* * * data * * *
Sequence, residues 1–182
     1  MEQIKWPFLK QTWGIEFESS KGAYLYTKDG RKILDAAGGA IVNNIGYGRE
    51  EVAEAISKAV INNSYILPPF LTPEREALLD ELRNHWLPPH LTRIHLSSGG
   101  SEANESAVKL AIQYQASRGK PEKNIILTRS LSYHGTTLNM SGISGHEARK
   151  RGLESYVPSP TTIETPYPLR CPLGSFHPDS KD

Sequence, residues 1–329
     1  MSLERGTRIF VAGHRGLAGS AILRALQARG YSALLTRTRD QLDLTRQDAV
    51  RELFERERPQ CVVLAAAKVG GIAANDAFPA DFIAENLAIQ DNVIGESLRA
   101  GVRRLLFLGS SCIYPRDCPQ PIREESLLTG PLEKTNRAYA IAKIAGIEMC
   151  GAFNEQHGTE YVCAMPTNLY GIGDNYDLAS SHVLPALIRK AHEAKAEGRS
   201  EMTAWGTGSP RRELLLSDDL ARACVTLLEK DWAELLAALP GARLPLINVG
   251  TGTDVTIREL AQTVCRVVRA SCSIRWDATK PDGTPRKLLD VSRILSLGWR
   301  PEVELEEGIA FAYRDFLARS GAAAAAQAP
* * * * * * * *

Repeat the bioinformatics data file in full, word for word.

Sequence, residues 1–182
     1  MEQIKWPFLK QTWGIEFESS KGAYLYTKDG RKILDAAGGA IVNNIGYGRE
    51  EVAEAISKAV INNSYILPPF LTPEREALLD ELRNHWLPPH LTRIHLSSGG
   101  SEANESAVKL AIQYQASRGK PEKNIILTRS LSYHGTTLNM SGISGHEARK
   151  RGLESYVPSP TTIETPYPLR CPLGSFHPDS KD

Sequence, residues 1–329
     1  MSLERGTRIF VAGHRGLAGS AILRALQARG YSALLTRTRD QLDLTRQDAV
    51  RELFERERPQ CVVLAAAKVG GIAANDAFPA DFIAENLAIQ DNVIGESLRA
   101  GVRRLLFLGS SCIYPRDCPQ PIREESLLTG PLEKTNRAYA IAKIAGIEMC
   151  GAFNEQHGTE YVCAMPTNLY GIGDNYDLAS SHVLPALIRK AHEAKAEGRS
   201  EMTAWGTGSP RRELLLSDDL ARACVTLLEK DWAELLAALP GARLPLINVG
   251  TGTDVTIREL AQTVCRVVRA SCSIRWDATK PDGTPRKLLD VSRILSLGWR
   301  PEVELEEGIA FAYRDFLARS GAAAAAQAP